They are fundamental adherents of the German Bible of Martin Luther, publishd in 1534. Father Cawley’s book explains in detail their history and beliefs.

These devout, communal Christians are late 17th century offshoots of the Mennonites of Germany and Switzerland. They take their name from their original leader, the young minister Jacob Ammann.

His views, and his forceful presentation of them, attracted a sizable following. And its descendants have carried those views forward ever since.

Amish teachings demand strict adherence internally. They only place one demand on the outside the world — “a place where we can live at peace in the manner we choose.”

Marriage is entered into with absolute finality. There is no such thing as divorce.

After marrying, men are expected to grow full beards, but without mustaches, which are considered aggressive. Women are expected to exchange white aprons for black ones.

Symbolic practices, such as use of “hook and eye” fasteners for clothing, set them even more part. This unique convention harkens back to a time before buttons became commonplace.

That explains the origin of Hook and Eye Lane, between Highways 18 and 88W just northwest of Amity.

With no telephones, no radios, no television sets and no computers, the Amish rely on face-to-face communication for interaction with friends and relatives close at hand and letters for interaction with those living farther away.

To have no interest in the outside world, beyond that with which they must deal in order to obey laws and follow governmental rules and regulations, is perhaps the most confounding thing to observers.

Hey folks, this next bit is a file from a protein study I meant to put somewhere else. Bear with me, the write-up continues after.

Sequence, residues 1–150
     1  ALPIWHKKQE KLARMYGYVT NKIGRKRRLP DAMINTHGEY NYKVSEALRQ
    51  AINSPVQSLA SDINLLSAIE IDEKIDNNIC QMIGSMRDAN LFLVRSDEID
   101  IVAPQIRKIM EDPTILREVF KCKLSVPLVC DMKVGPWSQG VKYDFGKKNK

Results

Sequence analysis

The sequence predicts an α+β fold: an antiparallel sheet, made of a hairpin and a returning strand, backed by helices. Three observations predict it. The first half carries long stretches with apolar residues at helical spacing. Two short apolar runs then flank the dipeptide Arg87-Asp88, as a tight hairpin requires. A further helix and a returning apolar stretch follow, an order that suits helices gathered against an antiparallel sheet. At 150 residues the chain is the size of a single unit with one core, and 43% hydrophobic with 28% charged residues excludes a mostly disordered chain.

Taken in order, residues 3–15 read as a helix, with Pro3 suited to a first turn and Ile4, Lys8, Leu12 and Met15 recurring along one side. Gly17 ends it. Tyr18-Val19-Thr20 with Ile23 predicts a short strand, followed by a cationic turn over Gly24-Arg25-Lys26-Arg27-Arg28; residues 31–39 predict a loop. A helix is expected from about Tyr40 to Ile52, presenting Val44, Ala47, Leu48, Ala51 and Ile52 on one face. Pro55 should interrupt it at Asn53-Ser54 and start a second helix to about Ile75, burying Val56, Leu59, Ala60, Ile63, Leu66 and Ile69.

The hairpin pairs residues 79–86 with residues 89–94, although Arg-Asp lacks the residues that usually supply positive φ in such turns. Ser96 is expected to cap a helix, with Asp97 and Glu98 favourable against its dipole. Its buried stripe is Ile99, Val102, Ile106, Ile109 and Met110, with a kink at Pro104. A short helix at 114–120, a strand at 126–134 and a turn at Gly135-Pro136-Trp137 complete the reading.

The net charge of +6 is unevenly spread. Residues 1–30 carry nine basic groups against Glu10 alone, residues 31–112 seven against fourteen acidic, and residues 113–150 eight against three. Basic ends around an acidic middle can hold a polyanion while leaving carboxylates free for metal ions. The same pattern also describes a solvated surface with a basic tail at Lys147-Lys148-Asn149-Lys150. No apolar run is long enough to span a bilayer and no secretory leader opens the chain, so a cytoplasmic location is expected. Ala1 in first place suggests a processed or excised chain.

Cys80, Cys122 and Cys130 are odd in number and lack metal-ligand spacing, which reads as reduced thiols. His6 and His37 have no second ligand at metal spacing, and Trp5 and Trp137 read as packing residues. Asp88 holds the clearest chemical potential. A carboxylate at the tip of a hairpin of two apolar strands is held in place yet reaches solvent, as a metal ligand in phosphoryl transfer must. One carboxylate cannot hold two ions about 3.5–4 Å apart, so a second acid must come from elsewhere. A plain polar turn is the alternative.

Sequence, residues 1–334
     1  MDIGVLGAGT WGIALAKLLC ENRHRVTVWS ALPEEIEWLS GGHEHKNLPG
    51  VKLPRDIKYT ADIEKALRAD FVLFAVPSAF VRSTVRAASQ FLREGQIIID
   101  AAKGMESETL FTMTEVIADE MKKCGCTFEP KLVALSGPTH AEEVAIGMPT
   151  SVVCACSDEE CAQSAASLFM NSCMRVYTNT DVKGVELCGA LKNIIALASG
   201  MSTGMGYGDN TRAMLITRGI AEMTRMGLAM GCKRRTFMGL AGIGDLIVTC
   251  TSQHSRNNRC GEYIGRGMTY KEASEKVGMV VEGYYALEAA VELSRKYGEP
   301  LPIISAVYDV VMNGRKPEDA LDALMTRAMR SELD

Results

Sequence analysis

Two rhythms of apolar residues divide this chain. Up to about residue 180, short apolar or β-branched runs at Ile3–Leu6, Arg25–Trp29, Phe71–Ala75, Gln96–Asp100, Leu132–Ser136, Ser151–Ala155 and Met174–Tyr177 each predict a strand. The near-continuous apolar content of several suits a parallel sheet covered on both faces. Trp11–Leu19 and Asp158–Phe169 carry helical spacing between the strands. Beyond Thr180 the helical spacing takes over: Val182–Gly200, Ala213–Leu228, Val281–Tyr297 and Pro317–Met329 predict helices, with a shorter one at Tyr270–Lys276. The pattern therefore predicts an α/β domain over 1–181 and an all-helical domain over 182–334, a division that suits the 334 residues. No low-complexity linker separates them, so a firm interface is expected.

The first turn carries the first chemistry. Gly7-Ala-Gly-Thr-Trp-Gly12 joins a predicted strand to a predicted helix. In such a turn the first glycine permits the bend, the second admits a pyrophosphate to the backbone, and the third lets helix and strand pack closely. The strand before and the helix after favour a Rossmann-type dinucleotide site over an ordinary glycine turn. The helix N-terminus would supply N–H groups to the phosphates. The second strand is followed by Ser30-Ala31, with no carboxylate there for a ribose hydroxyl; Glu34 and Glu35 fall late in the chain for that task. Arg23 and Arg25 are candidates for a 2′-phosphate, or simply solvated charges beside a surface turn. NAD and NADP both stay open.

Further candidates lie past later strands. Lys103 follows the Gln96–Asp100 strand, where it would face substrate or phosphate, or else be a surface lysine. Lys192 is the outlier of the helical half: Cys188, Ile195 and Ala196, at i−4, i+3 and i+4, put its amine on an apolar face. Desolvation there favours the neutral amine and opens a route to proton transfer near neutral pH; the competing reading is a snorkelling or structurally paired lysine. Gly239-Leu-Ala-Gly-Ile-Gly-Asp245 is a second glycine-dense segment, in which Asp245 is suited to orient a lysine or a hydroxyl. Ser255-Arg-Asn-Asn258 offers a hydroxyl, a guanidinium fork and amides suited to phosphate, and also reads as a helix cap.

Old Order Brethren — another term applied to the Amish — show zero tolerance for those who fall away from the pure path dictated by their strict teachings. And that’s understandable, considering what might happen if they began to allow worldly ways into their lives.

As a consequence, excommunication and shunning can be fast and final when one stays too far.

Father Cawley’s “The Amish of Amity: Memories of Oregon’s Plain People,” is available for purchase at the Yamhill County Historical Society’s Miller Museum, its log cabin headquarters in Lafayette. And the book includes a section, complete with maps, providing directions for anyone interested in touring local areas once occupied by the Amish.

Karl Klooster can be reached by e-mail at or by phone at 503-687-1227.



My family were part of that Amish colony from 1936 until 1949 when they moved to a large Amish church in Virginia. Even though I long since left the Amish community I have many happy memories of those years – not to mention, many Amish relatives. Amish families typically are large.
However, there are many factions of Amish. For instance, the writer is incorrect in believing the Amish didn’t have electricity in their homes in Oregon. In reality, only one Amish family did not have it – when he built their new home west of Whiteson, my uncle Will Miller chose not to install electricity. When he eventually sold the farm and moved to Oklahoma he paid a heavy price for it- the new owners had to retro-fit the house.
It is true that telephones and radios and record players were prohibited as was any musical instrument larger than a harmonica. And some church leaders were not too sure of harmonicas. :)


Incidentally, the title of this piece "Old Believers" is misleading. Old Believers, when I lived in Oregon always referred to a Russian religious sect living in the Woodburn area, not to the Amish.